Online scams are not just preserve of really gullible
One in four of us is duped by bogus emails that can only change your life for the worse, writes Roisin Burke
Spam! Spam! Spam! Spam! Lovely spam! So the Monty Python gang sang. It's not so lovely though, in the modern context, where spam isn't a canned meat but a cyber menace.
For many of us in an office setting, hardly a day goes by when we're not being proffered anything from a hot date to huge wealth via an email from a stranger.
While most of these are obvious chicanery and laughable, some are rather targeted and clever.
I was, as you can imagine, jubilant to receive an email in Irish recently telling me that I had won €850,000 in the Spanish Sweepstakes. I'm still here, chained to my laptop, so you can deduce how bona fide that one was, even though it was written in the Teanga Naisiunta.
New research from the National Consumer Agency (NCA) shows that one in four people targeted by a scam tried to participate in it, and two-thirds of them either lost money or compromised their personal information in the process. Email is the number one scamming channel, the NCA found.
In my own email inbox I'm regularly bombarded with messages flogging products to "enhance your manhood". I was beginning to get a bit of a complex until I learned that my friend Cormac frequently gets emails suggesting he buy breast enlargement pills.
Then there are the get-rich quick gambits. A recent email from "financial attorney" Santiago Hermano Ibanez tells me he represents a "government minister from a developing country" who wants to start, of all things, a trucking business. He needs me to front the company and I'll get €15.8m for my trouble. I can't wait! I just need to deposit a few grand with Santiago as a show of good faith first, of course.
If this sounds daft to you, bear in mind more than one in 10 Irish people have handed over money to 'get rich quick' scams like these.
Scams that hijack your email address book are possibly the most invasive and distressing. A respected Dublin newspaper cartoonist may be unaware that he's currently recommending that everyone in his address book buy computers from an extremely dodgy-looking website with an address in Shanghai.
The chairman of a heritage group in the midlands might not realise that he's emailing everyone to say he's been "rubbed [sic] by gunpoint" in Athens and his cards and money "were collected by criminals". Painful enough to be rubbed at gunpoint, but the poor sod doesn't even have enough money to get to the embassy to get a temporary passport. He needs my financial assistance, €950 or whatever I can afford to wire by Western Union, which he'll be repaying with interest.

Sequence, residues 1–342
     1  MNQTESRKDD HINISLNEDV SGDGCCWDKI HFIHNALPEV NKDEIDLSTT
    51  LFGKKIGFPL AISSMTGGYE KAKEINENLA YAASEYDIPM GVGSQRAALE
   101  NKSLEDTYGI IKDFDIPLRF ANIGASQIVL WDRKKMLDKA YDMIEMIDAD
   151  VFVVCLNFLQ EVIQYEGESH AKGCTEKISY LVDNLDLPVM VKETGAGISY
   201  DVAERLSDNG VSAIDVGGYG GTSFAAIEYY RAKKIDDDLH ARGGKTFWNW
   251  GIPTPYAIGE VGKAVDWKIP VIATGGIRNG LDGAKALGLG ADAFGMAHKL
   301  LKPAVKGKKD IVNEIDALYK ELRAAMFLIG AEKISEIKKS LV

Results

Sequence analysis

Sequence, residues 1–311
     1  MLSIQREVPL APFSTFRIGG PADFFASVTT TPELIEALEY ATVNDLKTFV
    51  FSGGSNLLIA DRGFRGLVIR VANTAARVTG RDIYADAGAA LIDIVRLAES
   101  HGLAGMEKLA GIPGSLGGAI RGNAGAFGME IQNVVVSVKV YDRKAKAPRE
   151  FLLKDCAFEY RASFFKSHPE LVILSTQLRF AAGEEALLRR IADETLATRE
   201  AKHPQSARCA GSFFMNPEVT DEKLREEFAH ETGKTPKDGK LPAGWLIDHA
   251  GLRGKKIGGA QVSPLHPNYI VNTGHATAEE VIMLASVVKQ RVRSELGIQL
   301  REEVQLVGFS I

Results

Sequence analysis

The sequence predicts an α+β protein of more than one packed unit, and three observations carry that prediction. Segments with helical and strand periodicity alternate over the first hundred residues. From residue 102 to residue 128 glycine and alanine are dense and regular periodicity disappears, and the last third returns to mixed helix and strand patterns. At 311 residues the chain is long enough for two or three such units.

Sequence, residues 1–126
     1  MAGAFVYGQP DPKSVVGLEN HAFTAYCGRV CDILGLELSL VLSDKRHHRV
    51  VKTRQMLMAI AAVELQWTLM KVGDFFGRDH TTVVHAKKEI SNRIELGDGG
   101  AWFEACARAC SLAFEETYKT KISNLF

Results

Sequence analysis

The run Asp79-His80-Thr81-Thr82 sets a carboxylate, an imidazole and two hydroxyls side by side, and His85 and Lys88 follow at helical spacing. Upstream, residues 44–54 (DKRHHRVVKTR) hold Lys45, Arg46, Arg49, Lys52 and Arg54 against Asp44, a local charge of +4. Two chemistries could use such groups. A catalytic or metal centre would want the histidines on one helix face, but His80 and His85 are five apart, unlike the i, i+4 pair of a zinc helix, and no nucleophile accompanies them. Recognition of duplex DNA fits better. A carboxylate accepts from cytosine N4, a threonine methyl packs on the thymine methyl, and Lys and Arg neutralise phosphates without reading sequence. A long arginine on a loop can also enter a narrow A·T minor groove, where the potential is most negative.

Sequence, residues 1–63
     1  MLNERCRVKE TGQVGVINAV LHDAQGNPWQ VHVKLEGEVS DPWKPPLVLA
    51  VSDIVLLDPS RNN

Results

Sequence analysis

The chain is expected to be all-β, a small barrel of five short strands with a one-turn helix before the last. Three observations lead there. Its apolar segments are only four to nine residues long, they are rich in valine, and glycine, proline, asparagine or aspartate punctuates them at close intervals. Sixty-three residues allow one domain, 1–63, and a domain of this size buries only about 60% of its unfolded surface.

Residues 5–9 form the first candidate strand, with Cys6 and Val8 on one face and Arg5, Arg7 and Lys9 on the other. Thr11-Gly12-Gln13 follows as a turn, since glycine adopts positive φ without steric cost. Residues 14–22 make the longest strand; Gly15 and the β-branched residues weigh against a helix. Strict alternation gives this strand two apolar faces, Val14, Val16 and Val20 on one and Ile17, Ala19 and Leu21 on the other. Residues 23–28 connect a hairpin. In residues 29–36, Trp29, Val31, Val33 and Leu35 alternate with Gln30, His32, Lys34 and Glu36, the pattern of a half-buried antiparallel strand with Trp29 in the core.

I decided to try and turn the tables on the chairman impersonator. "No problem!" I responded. "In fact, I'll send you €2,000, just in case."
I strung him along for a few days, telling him I had wired money to different Western Union offices all over Athens before Mr Chairman stopped emailing.
I corresponded with a few more of these spoofers to learn a bit more about how they operate.
I hope I'm not doing Valentin, the supposedly impoverished Russian schoolboy with the blind mother who needs money for a wood stove for winter (in April), a disservice, but I suspect he is a con artist, unless there is amazingly handy access to credit card facilities in the rural Urals. Plus €5,000 "by Mastercard or American express please, thanks you" strikes me as a bit steep for a stove.
While the NCA research shows you don't have to be especially gullible to fall victim, vulnerable people can be more of a target.
Suzanne (not her real name) discovered her 15-year-old son was chatting on Yahoo Instant Messenger with 'Arlene from Atlanta, Georgia'. "She popped up a greeting while my son was online and, naively, he accepted her as a friend on Messenger and responded," she says. "Innocent cyber chit-chat soon led to a request for money. Happily my son doesn't have a credit card so he couldn't oblige. That's when he confessed all to me," says Suzanne. "I was pretty horrified."
Scam emails tailored to the Irish market are increasingly common. One that looks like it comes from the legitimate Revenue.ie address tells me I'm due a tax refund of €734.21. Hurray! I just have to email back a 'tax refund request' with my bank account details.
In the immortal words of Judge Judy, "If it doesn't make sense, it's probably not true."